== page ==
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When changing up the engine revs can drop to tickover levels so you cant rely on any engine braking, not a good thing when you are braking hard for a roundabout/corner etc.
Hmmm? How do the revs drop to tickover levels changing up?
Why would you be changing up coming up to a roundabout or braking?
A higher gear at a lower speed reduces engine braking.

*One of the reasons I like the triple is the engine braking....its much easier to ride. Especially coming from an Sv.
 

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Could it be that "horrible fuelling" thats actually causing your engine braking

As in the twist grip is acting like an on off switch and making it feel much worse. This caused by the emissions hardware on the bike leaning out the fuel so far to pass emissions tests

I found this on a vfr vtec i had and the way the vfr guys sorted it was to block a bit called the pair valve. {DO WE HAVE A PAIR VALVE ON THE BENELLI?}

Or get a powercommander or similar
 

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I was thinking...

The most annoying charter trait of our bikes is the massive engine braking and MV Agusta uses a type or idle stabiliser valve to inject air in one cylinder to reduce it.

Would it be possible to either:
a) control the one in place to serve that purpose with Tuneboy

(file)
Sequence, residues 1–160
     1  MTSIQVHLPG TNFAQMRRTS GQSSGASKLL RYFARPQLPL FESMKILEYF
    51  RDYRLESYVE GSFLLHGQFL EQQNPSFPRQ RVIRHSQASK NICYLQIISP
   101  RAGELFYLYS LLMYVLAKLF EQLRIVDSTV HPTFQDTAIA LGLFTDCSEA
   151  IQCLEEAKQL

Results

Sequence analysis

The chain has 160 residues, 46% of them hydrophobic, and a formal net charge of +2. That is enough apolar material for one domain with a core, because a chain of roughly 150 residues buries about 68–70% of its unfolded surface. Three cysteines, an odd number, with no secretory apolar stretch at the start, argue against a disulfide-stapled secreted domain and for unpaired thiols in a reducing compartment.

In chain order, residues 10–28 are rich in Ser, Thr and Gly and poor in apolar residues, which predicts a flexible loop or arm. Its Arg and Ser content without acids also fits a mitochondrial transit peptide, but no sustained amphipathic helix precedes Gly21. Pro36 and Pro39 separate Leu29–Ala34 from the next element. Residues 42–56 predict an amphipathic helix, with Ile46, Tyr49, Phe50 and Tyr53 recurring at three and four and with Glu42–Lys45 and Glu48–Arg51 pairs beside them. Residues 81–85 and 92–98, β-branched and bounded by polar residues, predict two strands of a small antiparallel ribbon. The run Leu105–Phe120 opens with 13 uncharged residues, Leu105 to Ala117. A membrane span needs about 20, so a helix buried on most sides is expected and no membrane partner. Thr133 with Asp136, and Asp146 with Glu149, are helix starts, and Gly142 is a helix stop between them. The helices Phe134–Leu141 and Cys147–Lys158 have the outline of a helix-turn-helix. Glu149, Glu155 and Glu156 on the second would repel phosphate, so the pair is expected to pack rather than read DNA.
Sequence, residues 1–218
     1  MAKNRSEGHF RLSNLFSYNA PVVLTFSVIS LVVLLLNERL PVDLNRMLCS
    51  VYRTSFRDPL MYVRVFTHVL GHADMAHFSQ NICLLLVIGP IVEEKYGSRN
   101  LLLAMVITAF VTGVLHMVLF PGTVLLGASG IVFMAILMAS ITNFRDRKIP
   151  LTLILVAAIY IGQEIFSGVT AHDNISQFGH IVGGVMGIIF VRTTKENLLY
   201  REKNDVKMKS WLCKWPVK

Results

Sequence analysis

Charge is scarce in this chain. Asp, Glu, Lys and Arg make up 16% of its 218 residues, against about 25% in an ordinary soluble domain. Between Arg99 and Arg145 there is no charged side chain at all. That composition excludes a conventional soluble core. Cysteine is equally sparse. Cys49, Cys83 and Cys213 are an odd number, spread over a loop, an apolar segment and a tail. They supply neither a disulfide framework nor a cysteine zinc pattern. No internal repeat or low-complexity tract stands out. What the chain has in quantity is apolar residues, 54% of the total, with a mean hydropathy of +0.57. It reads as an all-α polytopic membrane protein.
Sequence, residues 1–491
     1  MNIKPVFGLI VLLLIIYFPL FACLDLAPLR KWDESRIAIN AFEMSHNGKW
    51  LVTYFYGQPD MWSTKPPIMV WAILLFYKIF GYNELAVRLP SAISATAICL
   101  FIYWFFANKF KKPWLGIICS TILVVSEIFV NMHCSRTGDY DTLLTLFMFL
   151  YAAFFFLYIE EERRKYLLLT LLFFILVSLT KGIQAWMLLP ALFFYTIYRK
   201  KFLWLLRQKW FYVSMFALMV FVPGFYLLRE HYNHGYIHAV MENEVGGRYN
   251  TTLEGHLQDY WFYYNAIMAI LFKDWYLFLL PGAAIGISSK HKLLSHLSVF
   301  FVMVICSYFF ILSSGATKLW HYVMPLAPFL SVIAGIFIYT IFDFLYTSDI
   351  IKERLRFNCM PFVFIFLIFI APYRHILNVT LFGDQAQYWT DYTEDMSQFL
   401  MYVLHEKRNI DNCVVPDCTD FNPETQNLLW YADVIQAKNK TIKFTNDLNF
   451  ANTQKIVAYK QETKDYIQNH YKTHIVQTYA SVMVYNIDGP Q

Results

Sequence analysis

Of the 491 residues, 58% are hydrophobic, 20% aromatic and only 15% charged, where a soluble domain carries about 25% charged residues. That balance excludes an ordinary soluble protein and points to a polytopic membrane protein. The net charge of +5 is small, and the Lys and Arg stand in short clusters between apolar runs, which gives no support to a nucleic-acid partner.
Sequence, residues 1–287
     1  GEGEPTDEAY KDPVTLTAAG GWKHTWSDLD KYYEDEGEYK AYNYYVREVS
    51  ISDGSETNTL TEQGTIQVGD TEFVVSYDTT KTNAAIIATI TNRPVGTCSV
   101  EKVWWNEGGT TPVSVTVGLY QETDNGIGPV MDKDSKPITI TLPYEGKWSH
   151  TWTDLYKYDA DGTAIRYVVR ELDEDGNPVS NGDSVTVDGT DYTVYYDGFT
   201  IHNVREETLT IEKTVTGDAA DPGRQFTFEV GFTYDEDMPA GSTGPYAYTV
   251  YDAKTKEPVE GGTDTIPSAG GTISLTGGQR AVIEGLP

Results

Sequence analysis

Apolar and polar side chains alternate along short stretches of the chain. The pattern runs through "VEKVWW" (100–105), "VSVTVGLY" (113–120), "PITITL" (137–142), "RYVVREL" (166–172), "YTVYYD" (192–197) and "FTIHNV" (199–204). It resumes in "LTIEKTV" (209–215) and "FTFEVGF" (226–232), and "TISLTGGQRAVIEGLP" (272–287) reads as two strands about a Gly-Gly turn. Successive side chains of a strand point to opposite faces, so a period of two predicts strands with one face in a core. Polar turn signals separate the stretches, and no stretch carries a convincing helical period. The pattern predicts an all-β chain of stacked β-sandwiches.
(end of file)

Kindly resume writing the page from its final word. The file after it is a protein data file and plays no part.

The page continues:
or
b) rig up an extra one and find a way to control it
?

For that purpose alone (not to mention horrible fueling) I'd even consider replacing the original ECU for a good aftermarket one.

Anyone up for a little challenge?
I for one don't find the engine braking of my 900cc RS equipped with Tuneboy to be annoying at all. Nor did I mind the behaviour of the 1130cc TNT I rode quite a bit as a loaner. Perhaps that's because my previous rides have been twins or singles, with and without a slipper clutch. Once I had a rear tyre slip because of it, but that was early in the season, on a cold and slippery tarmac. In certain situations the fueling makes the engine loosen up the braking effect, which is apparently a Tuneboy feature. My ride might be running ever so slightly on the richer side at the moment, though, at least on the lower rpms.

One cheap solution could be to adjust the idle level up to 1,500 rpm or thereabouts. Could help a bit, or maybe not, but that could be something to try, without having to rob a bank.
Then again, I don't think the engine braking of a Benelli triple in either size is that bad at all, compared to some other bikes with similar displacement. Adding tuneboy makes the engine to run in a slightly more sophisticated manner, I think, and you'll get more options to tweak the behaviour to be closer to your liking. I don't think installing Tuneboy will help much, if at all, in improving the fuel economy, though.

BTW, if you wish to experience a strong engine braking and a notchy throttle which makes your helmet whip back and forth, try the new KTM 990 Supermoto in its default mode, for example. After that, the Benelli feels smooth as silk. :)